6) Not to mention that his wife is just really cool. Just as smart as he is and a lot funnier, though also as down-to-earth as you'd expect from a Midwestern mom from a working-class background, Michelle Obama will make a great First Lady.

And all this has mainly to do with who he is or what he's done in past. I won't even get into the things I'm hopeful about regarding his policies and campaign promises. All I want to say is that I think he is definitely the right person for this job right now. He is what America and the world needs at this moment, and while I know he will never be able to live up to all of our hopes, I don't think it is illegitimate to still be hopeful.

I also know that if Obama is going to fulfill any of these hopes it will have to be because we help him. As Jim Wallis often says (and as Obama has ripped off from him) "we are the ones we have been waiting for". Now that Obama is in office, it's time for all of us to get to work to fix the problems confronting us, and to make this world a better place, not just for Americans, but for the "least of these" all over the world. And that's one more thing I like about Obama - he's constantly reminding us of that fact. Over and over again in his campaign he referenced the fact that none of this was about him alone - it's about all of us pulling together and working together to realize our hopes. And I do have hope that that is possible.

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posted by Mike Clawson at 10:37 PM | Permalink |


At 1/20/2009 01:12:00 AM, Anonymous Miko

The intelligence was the deciding factor in my vote for him, but let's not forget that Nixon is said to have been the smartest president in a long time. ;-)

Symbolism aside, rumor is he's going to close Gitmo tomorrow. I haven't heard details, but other than making it a trifecta by getting rid of the Patriot Act and immediately beginning troop withdrawals from Iraq (to the U.S., not Afghanistan), I can't imagine a better start to his administration.

As a libertarian, I seem to have more fear than hope right now, despite the good start (and the obvious fact that things couldn't possibly get worse). But, since I tend to disagree with the left more on the methods than on the desired results, I'll join you in hoping for the best and hope that you'll join me in keeping one eye open.

After everything leading up to it, this is definitely a monumental occasion, so I'll congratulate you for your part in bringing us here (whatever that may have been). Here's to the next four being better than the last!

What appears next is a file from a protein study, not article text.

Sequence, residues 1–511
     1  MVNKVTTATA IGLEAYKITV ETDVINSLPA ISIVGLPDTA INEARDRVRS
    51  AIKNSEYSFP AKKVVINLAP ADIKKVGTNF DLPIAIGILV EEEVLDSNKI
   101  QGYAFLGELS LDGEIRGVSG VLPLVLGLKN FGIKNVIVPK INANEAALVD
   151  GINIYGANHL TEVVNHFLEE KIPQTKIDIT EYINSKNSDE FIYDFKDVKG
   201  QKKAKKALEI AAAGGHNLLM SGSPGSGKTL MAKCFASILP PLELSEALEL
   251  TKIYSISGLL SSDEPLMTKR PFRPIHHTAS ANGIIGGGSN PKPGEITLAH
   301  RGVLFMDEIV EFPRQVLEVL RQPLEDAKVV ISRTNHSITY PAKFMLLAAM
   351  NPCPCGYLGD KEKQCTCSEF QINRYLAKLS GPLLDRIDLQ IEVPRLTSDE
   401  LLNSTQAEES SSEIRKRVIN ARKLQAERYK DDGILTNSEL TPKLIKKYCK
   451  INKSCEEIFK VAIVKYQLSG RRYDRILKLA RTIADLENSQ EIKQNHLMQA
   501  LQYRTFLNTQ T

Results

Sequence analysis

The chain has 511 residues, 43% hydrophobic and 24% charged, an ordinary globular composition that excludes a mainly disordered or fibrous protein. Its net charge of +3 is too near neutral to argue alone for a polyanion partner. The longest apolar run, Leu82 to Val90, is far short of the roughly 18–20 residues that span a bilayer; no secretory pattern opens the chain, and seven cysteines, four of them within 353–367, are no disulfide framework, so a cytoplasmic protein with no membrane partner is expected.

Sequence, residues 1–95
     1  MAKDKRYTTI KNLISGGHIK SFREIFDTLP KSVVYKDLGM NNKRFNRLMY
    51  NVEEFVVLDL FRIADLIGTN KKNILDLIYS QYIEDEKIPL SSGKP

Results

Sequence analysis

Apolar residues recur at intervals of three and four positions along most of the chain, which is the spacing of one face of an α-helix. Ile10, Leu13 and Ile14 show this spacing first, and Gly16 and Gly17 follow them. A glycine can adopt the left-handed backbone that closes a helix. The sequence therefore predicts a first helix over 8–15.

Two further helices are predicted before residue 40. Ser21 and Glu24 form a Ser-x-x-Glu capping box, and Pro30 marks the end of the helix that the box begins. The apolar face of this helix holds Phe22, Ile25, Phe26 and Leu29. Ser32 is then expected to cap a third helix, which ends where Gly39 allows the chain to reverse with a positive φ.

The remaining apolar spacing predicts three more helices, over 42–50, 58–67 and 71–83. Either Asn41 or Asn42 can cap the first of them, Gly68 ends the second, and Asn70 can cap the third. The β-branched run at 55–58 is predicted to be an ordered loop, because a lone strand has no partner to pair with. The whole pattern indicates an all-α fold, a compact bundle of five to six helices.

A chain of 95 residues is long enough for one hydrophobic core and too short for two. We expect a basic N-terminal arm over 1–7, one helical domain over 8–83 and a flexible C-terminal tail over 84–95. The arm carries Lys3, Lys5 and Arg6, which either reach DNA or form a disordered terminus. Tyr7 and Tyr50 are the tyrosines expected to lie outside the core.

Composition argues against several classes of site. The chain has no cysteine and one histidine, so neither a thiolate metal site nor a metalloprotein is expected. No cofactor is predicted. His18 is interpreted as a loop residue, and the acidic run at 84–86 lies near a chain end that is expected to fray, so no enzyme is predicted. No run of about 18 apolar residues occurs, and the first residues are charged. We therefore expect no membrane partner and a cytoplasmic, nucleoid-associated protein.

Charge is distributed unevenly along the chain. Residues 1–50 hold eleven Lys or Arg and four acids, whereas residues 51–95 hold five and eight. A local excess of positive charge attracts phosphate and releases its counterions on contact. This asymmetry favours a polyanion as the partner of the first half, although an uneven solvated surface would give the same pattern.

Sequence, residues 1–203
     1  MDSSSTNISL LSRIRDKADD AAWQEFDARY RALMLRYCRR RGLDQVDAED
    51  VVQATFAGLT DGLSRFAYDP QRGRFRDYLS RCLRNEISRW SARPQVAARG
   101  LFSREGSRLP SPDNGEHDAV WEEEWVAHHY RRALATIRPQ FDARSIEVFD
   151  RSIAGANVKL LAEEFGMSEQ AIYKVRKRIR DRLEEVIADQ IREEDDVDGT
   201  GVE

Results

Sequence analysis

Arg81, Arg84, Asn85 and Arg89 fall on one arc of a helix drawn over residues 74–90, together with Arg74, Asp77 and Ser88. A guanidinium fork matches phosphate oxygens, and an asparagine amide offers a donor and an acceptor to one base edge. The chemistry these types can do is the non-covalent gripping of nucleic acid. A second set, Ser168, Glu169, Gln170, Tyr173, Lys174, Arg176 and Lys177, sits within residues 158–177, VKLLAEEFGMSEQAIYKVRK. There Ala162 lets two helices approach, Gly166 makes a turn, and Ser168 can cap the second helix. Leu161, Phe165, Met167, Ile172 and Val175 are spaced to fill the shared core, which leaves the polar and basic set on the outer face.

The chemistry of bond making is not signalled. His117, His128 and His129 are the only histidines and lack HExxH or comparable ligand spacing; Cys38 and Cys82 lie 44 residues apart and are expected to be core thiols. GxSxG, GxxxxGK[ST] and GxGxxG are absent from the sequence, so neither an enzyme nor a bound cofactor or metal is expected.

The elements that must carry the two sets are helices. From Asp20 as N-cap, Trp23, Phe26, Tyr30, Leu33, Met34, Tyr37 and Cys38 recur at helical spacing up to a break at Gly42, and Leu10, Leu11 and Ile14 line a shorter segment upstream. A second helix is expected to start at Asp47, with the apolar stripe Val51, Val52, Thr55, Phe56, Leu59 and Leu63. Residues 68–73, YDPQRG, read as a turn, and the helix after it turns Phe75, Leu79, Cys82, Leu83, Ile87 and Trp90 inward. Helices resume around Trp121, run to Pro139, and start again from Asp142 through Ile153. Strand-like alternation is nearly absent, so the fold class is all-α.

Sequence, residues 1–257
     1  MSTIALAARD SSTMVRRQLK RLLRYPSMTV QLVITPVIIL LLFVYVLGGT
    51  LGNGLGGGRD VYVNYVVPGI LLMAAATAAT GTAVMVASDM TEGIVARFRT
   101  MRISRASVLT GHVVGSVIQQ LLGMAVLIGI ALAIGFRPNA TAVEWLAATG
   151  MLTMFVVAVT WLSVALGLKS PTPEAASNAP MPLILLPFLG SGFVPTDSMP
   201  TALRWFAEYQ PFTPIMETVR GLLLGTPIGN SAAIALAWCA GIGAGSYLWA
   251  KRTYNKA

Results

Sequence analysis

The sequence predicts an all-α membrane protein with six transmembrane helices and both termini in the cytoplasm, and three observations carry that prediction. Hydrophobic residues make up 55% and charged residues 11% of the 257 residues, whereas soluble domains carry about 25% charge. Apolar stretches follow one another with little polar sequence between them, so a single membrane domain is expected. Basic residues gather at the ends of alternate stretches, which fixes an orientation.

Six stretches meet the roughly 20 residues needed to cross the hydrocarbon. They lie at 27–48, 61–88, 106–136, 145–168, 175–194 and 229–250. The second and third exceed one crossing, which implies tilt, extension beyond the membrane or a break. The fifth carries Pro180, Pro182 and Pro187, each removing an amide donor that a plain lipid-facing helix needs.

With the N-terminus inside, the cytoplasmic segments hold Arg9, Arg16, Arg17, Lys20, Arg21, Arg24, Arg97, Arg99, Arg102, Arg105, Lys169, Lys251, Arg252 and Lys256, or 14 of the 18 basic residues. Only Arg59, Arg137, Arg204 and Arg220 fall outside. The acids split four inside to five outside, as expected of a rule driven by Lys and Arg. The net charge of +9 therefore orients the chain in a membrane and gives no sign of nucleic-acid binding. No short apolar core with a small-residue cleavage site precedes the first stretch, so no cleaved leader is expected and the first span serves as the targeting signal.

At 1/20/2009 01:20:00 AM, Anonymous Wesley

Great post, honest and reflective. I too was attracted to Obama because of the way he ran his campaign and the diversity of his story and character as well as the intellect he displays. I cannot wait to see what he does the next couple of years.. and I share in your hopefulness and enthusiasm! Blessings


At 1/20/2009 08:07:00 AM, Blogger Helen

Nice list of reasons to have hope, Mike.


At 1/20/2009 09:45:00 AM, Anonymous Karl

I didn't vote for him but I too am hopeful Mike, for many of the same reasons you are. I wish him well.


At 1/20/2009 02:08:00 PM, Blogger C. L. Hanson

Excellent points. I agree with all of them, and (on perhaps a personal level) I appreciate the value of being part of more than one culture for understanding different perspectives.


At 1/21/2009 10:23:00 AM, Blogger B-W

Son of Kenyan and a white American, African-American in complexion (and therefore in the eyes of society as well)

It's certainly a helpful reminder that so many people point out that Obama is of mixed race, as opposed to being simply what people assume him to be on the basis of his complexion. On the other hand, it occurs to me that, irrespective of the fact that Obama seems to self-identify as "African-American", "African-American" is a label that truly identifies Obama. His father is African, and his mother is American. Therefore, he is African-American, even before we consider his complexion.


At 1/21/2009 02:43:00 PM, Blogger journeyingrick

Amen brother. Especially this part: "I also know that if Obama is going to fulfill any of these hopes it will have to be because we help him." I love what he's calling America to do and to be. I believe that if we reach up past the smallness of what politics has been, to what Love can mean, and the balance between rights and responsibilities, it's going to be a different and better world.
Great analysis.